Vote No on Prop 10!
This November, California voters will have to consider a dozen ballot measures, including Proposition 10. Lyon Stahl joins the many statewide and regional organizations opposing Prop 10 and urges California voters to stay informed and Vote NO on Prop 10. Proposition 10 repeals the 1995 Costa-Hawkins Rental Housing Act, a state law that sets requirements for 15 cities in California with rent control, including Los Angeles.
The three main provisions of the Cost-Hawkins Act include:
- Protecting landlords’ rights to raise rents to market rate (once a tenant moves out).
- Preventing cities from establishing rent control on units constructed after October 1, 1978.
- Exempting single-family homes from rent control restrictions.
Repealing the Costa-Hawkins Act expands the local government’s authority to enact rent control on residential properties, bringing extreme forms of rent control back to California.
Facts About Prop 10
- Prop 10 is a damaging and flawed measure because it does not provide an effective solution to the California housing crisis, rather it repeals a crucial California housing act with no replacement plan or effort to deal with the increasing homelessness crisis.
- Prop 10’s contradictory nature will actively drive up rental prices by incentivizing property owners to take rental units off the market and turn them into vacation listing services, in turn reducing affordable and middle-class housing and further driving up housing costs.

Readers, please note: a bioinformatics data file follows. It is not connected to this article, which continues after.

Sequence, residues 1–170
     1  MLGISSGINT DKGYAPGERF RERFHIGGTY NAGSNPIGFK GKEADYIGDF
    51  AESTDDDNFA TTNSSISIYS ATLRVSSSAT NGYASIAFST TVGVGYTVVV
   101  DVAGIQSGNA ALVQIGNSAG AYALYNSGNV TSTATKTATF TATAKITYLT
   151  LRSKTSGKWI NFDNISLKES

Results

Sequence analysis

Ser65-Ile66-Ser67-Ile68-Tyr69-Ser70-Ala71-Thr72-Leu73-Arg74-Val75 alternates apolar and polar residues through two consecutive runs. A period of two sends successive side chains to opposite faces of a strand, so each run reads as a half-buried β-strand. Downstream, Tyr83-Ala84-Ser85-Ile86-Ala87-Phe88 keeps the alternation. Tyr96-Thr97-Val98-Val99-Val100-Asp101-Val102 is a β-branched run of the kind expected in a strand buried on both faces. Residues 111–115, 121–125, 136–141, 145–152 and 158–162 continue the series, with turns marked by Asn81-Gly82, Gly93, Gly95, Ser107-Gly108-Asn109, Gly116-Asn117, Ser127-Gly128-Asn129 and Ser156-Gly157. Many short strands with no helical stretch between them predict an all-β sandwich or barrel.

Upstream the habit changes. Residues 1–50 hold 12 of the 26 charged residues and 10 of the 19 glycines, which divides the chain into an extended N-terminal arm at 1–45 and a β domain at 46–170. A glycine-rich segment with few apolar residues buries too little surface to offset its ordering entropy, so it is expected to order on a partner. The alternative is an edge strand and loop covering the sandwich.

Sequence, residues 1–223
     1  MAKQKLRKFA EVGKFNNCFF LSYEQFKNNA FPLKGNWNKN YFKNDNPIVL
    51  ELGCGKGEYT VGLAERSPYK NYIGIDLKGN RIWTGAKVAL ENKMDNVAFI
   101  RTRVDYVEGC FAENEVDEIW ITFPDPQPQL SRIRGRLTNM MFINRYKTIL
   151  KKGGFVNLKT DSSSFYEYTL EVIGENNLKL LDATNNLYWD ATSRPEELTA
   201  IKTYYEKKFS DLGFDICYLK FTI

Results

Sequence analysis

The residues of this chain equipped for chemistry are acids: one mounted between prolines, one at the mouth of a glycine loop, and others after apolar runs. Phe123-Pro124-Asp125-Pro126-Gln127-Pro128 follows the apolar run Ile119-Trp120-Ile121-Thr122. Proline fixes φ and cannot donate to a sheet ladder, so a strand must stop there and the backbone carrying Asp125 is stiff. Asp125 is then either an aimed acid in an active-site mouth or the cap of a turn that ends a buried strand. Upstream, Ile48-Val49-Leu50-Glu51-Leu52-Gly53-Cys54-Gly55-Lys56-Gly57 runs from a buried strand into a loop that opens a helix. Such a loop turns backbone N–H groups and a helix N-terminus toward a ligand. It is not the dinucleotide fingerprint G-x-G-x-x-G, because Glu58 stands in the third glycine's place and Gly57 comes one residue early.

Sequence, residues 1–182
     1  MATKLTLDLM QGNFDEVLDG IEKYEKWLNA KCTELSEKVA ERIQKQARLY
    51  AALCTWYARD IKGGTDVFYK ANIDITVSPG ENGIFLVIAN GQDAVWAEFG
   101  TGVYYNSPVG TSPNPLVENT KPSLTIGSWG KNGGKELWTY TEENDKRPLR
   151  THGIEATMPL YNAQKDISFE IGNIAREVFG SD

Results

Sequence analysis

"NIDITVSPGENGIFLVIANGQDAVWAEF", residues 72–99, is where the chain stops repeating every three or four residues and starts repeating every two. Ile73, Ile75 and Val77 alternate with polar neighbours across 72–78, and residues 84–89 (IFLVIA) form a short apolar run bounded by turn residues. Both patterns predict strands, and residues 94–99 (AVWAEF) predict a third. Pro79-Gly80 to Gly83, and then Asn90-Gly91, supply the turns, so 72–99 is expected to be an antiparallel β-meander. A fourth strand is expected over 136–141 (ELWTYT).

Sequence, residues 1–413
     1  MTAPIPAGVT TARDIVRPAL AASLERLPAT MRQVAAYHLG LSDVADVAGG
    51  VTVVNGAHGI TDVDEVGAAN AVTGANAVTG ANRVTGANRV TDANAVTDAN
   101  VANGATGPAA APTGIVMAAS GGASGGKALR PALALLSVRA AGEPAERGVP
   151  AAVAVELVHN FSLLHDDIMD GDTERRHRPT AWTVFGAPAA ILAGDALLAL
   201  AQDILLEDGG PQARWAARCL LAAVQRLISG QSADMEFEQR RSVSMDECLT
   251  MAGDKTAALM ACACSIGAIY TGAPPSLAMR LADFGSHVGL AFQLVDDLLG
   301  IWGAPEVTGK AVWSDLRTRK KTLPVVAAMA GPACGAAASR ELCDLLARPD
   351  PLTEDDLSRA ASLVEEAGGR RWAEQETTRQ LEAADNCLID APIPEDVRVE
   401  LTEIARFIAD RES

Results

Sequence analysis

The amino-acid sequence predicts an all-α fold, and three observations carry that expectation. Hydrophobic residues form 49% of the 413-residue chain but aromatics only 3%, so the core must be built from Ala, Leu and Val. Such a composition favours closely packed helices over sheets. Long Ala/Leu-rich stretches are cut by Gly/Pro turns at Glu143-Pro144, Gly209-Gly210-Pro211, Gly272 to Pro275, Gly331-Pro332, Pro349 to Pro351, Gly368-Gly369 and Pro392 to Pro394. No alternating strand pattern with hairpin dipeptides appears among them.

- The passing of Prop 10 strains affordable housing developers, taking away their incentive to invest in new housing projects, halting new construction, and ultimately resulting in less housing at a higher cost.
- Prop 10 withdraws homeowner protections by restricting what homeowners can do with their homes. It allows regulators to dictate how much single-family homeowners can charge to rent out a single room in their homes. Landlords will also be less inclined to maintain their rent-controlled properties, reducing the quality of rental housing, making units less livable for renters.
- Property values may be reduced by more than 10% with Prop 10, potentially causing California homeowners to lose an average of $60,000 in the value of their home. Properties are most people’s single best financial investment, therefore, such a substantial loss will negatively impact the economic well-being of homeowners.
- Proposition 10 not only hurts homeowners, but extends to negatively impact the most vulnerable populations within our communities, seniors and veterans. Many seniors and veterans rely on the supplemental income of their rental units, and the passing of Prop 10 threatens their safety-net income, putting them at risk of being forced out of retirement and back into the workforce to make ends meet.
- Overall, Prop 10 will suppress the supply of housing, negatively impact landlords, renters, and vulnerable communities, and ultimately deepen the crisis in California.
Lyon Stahl Votes NO on Proposition 10 and encourages you to get involved by visiting https://noprop10.org/ and joining the campaign against Proposition 10!